The Future
God King Slave will release a 2011 Sauvignon Blanc in May.  Chris spent the last harvest in New Zealand and his fondness for New Zealand's Sauvignon Blancs drove a desire to give the varietal a try.  This doesn't necessarily set the direction for God King Slave moving forward.  There is a desire to do a white wine and long term a third, yet completely unidentified wine.  For Christine offering three different wines gives God King Slave both focus and variety while acknowledging that the goal is to strike a balance between being unique but not so far out there that only the geekiest of wine geeks is interested.

For Chris and Christine this is about a commitment and belief in the wine industry.  They're not wealthy and that's not the ultimate goal.  It's about making a living doing what they love, which is making wine.  That financial reality can making it challenging to grow in production size and so they're doing what they can for now.  They'll go up in production from 2011 to the 2012 vintage by 80 cases to get them to 250.  It's a slow process but they're not looking for short cuts and are realistic about their limitations.  The goal, make the best wines they can, stay true to potential of Southern Oregon and make something that people will be impressed by and interested in.

What's In a Name
Writing about God King Slave, the name itself feels like an "elephant in the room."  The inclusion of the terms God and Slave may make you uncomfortable.  The name comes from a quote by the sculptor, Constantin Brancusi, and the intention was never to push people's comfort levels.  The renowned artist is known as the patriarch of modern sculpture and the complete quote is "Create like a god, command like a king, work like a slave." The quote resonated with Chris and after a lot of coaxing he won Christine over.  I can see how people are made uncomfortable by it, yet Christine says "To me it's less offensive than a winery named after someone's daughter or a stream the runs through their property.  It stands for something, which is a lot more than most brands do."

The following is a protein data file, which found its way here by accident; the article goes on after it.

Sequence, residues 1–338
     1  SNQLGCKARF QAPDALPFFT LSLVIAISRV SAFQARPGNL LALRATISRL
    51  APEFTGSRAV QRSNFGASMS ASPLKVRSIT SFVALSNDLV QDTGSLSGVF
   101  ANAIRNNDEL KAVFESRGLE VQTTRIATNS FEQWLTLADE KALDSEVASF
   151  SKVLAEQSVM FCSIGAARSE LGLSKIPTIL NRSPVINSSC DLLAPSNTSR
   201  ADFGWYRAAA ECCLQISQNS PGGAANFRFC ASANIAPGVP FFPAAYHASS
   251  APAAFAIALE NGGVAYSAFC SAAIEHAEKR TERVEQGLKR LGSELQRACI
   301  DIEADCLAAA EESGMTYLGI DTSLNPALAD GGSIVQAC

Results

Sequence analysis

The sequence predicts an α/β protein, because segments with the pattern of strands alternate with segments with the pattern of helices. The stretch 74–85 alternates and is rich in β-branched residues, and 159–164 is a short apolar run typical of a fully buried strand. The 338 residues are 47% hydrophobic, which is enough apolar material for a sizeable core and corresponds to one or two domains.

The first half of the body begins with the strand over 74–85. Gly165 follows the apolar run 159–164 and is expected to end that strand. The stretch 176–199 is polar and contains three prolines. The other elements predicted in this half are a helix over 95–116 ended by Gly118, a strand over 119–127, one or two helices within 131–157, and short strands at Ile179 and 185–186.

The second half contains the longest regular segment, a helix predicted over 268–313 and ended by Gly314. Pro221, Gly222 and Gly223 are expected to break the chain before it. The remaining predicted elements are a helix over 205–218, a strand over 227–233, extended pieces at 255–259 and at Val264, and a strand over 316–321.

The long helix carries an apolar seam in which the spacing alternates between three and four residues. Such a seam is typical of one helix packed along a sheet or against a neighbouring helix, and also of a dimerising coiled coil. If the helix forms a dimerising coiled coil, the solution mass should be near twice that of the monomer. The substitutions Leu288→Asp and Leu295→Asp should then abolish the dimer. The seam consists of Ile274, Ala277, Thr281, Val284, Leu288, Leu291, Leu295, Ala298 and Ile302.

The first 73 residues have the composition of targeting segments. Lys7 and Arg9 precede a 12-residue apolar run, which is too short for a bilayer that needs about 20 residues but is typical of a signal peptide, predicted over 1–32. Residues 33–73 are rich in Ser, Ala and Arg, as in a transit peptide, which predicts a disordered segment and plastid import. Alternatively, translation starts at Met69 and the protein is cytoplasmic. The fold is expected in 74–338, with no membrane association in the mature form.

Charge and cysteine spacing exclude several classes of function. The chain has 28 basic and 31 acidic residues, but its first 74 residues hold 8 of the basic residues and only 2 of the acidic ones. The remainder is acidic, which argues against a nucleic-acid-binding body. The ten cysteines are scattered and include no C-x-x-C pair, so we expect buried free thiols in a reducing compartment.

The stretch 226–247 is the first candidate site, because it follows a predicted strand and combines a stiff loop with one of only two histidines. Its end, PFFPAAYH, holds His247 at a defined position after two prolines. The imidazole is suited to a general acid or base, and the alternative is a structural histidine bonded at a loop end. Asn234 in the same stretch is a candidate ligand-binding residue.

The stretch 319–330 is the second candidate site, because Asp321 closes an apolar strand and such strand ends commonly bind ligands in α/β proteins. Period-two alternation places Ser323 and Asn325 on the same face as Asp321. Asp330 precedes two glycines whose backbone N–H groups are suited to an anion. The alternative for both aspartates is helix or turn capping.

The Wine
I'm going to be honest - I wanted to like this wine before I'd even tried it.  The Northwest wine world is a small one, and while I've never actually met Christine in person, I knew her by reputation.  Hers is a very good one and I've been impressed with what I've seen when she's been involved.   The thing is though, the wine is incredibly good, I mean, it's really good.  (I've also gotten second opinions just to be sure.)

Split down the middle a Tempranillo and Syrah blend that delivers dried figs, black cherry reduction, dust, and smoky, meaty aromatics.  The wine is absolutely lovely, with fantastic structure and the low alcohol speaks volumes about what can be done without overripe fruit when it comes to Tempranillo, which is far too rare these days. There's loads of fruit, and no wood to be found on this wine. The flavors mingle beautifully with plums, clove, and herbal notes. A proper amount of acidity delivers a lasting finish, it makes me think of some Spanish blends I've had or even aromatically of a Minervois. I didn't know a thing about Constantin Brancusi before I researched this piece, but I think another of his quotes is in order, "Don't look for mysteries, I bring you pure joy."  If you enjoy real wine, appreciate elegance, and don't look for over-ripe flavors, you'll be impressed by the God King Slave.  Only 90 cases were produced and only $26 is an incredible price for a wine this good.